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    • Upper Alsace - Wikipedia
      • Upper Alsace (southern Alsace) was a landgraviate of the Holy Roman Empire centred on Ensisheim and Landser, north of the County of Ferrette (Pfirt). The counts of Habsburg ruled the territory from the 1130s down to its cession to France in the 17th century.
      en.wikipedia.org/wiki/Upper_Alsace#:~:text=Upper%20Alsace%20%28southern%20Alsace%29%20was%20a%20landgraviate%20of,its%20cession%20to%20France%20in%20the%2017th%20century.
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  2. Upper Alsace - Wikipedia

    en.wikipedia.org/wiki/Upper_Alsace

    Upper Alsace (southern Alsace) was a landgraviate of the Holy Roman Empire centred on Ensisheim and Landser, north of the County of Ferrette (Pfirt). The counts of Habsburg ruled the territory from the 1130s down to its cession to France in the 17th century.

  3. University of Upper Alsace - Wikipedia

    en.wikipedia.org/wiki/University_of_Upper_Alsace

    From Wikipedia, the free encyclopedia University of Upper Alsace (French: Université de Haute-Alsace, UHA) is a multidisciplinary teaching and research centre based in the two cities of Mulhouse and Colmar, France. Research and teaching at UHA concentrates mainly on science, technology, economics, management, arts and humanities.

    • 1975
    • 8353 (in 2017)
    • Christine Gangloff-Ziegler
    • EUCOR
  4. Alsace - Wikipedia

    en.wikipedia.org/wiki/Alsace

    From 1982 to 2016, Alsace was the smallest administrative régionin metropolitan France, consisting of the Bas-Rhinand Haut-Rhindepartments. Territorial reformpassed by the French legislature in 2014 resulted in the merger of the Alsace administrative region with Champagne-Ardenneand Lorraineto form Grand Est.

    • 8,280 km² (3,200 sq mi)
    • France
  5. Oberelsaß - Wikipedia

    en.wikipedia.org/wiki/Oberelsaß

    Oberelsaß (or Upper Alsace, French: Haute-Alsace) was the southern part of the historical region Alsace or Elsass, inhabited originally by locals speaking Alemannic German. From 1871 to 1918, Bezirk Oberelsaß was a region (Bezirk) in the southern part of the province of Elsaß-Lothringen in the German Empire.

    • 6 rural districts
    • France
  6. University of Upper Alsace (French: Université de Haute-Alsace, UHA) is a multidisciplinary teaching and research centre based in the two cities of Mulhouse and Colmar, France. Research and teaching at UHA concentrates mainly on science, technology, economics, management, arts and humainities.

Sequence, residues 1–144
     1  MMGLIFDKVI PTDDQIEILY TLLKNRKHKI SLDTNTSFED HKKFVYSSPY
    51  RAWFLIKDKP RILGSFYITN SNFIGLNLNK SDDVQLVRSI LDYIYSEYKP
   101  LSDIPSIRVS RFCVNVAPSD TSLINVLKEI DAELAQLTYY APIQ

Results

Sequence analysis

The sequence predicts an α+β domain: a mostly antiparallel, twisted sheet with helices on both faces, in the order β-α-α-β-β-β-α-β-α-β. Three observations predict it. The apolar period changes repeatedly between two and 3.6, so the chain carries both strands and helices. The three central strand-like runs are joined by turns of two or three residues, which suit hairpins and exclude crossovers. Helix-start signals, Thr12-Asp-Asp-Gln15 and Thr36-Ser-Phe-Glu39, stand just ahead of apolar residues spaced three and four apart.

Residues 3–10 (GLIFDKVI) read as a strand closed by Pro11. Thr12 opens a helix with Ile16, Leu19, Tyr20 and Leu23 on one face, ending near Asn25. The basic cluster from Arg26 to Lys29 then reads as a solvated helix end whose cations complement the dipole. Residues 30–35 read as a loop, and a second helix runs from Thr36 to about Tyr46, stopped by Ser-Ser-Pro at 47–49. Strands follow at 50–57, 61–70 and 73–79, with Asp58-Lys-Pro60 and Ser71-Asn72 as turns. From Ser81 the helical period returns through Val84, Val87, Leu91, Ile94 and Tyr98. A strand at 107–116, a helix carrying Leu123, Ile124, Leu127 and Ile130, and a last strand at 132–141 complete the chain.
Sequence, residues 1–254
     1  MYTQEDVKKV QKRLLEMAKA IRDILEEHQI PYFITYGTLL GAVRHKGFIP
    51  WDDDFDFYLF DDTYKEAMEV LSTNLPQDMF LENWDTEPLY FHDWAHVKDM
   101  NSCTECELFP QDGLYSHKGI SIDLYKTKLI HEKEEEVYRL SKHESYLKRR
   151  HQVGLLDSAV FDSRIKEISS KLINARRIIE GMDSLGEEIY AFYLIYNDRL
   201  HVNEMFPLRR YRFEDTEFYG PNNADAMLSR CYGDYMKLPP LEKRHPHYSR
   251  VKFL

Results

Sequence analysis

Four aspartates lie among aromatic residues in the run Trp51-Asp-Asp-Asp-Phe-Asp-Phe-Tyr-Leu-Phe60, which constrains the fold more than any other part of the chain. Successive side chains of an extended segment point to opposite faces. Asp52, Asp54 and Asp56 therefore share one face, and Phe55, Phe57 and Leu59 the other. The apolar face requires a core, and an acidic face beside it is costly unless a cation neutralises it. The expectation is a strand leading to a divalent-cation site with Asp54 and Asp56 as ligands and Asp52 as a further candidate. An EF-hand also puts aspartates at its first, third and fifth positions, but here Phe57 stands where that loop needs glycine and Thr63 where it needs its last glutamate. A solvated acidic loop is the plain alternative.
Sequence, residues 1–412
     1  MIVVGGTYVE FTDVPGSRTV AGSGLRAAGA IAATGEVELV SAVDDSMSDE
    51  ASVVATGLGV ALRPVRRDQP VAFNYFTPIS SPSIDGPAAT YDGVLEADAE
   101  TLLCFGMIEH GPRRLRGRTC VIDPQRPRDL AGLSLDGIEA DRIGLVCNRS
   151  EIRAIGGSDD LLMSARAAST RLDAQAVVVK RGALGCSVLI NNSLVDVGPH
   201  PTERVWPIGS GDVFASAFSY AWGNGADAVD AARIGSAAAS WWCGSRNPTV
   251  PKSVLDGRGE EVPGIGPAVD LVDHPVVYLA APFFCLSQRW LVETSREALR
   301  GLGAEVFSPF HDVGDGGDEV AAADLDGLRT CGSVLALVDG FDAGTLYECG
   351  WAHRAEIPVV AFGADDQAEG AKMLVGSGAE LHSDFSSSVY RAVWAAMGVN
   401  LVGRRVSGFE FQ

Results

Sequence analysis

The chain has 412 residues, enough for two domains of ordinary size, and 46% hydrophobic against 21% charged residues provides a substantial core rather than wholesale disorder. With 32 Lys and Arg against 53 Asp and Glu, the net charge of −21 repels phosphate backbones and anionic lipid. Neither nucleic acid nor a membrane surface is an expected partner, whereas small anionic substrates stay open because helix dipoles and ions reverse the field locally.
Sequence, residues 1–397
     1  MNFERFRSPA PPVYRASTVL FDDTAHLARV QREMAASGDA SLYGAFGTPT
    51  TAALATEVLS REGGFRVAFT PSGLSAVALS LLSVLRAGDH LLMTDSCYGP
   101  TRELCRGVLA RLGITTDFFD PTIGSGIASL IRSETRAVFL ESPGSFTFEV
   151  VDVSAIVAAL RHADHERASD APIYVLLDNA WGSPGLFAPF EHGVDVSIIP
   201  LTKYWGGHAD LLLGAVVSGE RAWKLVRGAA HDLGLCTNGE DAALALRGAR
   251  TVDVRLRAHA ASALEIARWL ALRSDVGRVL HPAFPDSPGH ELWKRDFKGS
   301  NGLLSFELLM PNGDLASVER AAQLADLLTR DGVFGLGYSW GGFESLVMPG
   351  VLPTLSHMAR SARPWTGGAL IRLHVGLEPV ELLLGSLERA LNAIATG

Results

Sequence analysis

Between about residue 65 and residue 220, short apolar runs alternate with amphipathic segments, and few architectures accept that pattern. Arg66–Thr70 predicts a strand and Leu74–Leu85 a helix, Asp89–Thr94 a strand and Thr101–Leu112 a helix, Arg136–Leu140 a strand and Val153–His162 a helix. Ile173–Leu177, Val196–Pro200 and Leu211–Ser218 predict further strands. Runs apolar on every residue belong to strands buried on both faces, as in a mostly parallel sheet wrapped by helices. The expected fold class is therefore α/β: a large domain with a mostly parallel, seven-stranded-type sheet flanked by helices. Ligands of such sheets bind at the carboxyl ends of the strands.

7. Haut-Rhin - Wikipedia

    en.wikipedia.org/wiki/Upper_Alsatian

    Haut-Rhin is a department in the Grand Est region of France, named after the river Rhine. Its name means Upper Rhine. Haut-Rhin is the smaller and less populated of the two departments of the former administrative Alsace region, the other being the Bas Rhin. Especially after the 1871 cession of the southern territory known since 1922 as Territoire de Belfort, although it is still densely populated compared to the rest of metropolitan France. On 1 January 2021, the departments of Bas-Rhin and Hau

  8. Lower Alsace - Wikipedia

    en.wikipedia.org/wiki/Lower_Alsace

    On 14 April 1646, the imperial ambassador Trauttmansdorff, during negotiations to end the Thirty Years' War, offered "Upper and Lower Alsace and the Sundgau, under the title of Landgraviate of Alsace" to the French. There was no such territory, since Alsace was at the time divided into several jurisdictions held by competing powers.

  9. Upper Rhenish Circle - Wikipedia

    en.wikipedia.org/wiki/Rhine_provinces

    The Upper Rhenish Circle (German: Oberrheinischer Reichskreis) was an Imperial Circle of the Holy Roman Empire established in 1500 on the territory of the former Duchy of Upper Lorraine and large parts of Rhenish Franconia including the Swabian Alsace region and the Burgundian duchy of Savoy.

  10. Duchy of Alsace - Wikipedia

    en.wikipedia.org/wiki/Duchy_of_Alsace

    The term "Alsace" derives from the Germanic ali-land-sat-ja, meaning "one who sits in another land." Alsace was Alemanni territory, but not so much as Alemannia proper, which was east of the Rhine: it was, however, the "other" land in which some Alemanni had settled.

  11. Sélestat - Wikipedia

    en.wikipedia.org/wiki/Selestat

    Sélestat is located at the very centre of Alsace, near the limit separating the Bas-Rhin and Haut-Rhin departments, which traditionally correspond to Lower and Upper Alsace, respectively. The town is located between Strasbourg and Mulhouse , the first being 42 kilometres (26 mi) north and the latter 57 kilometres (35 mi) south of the city.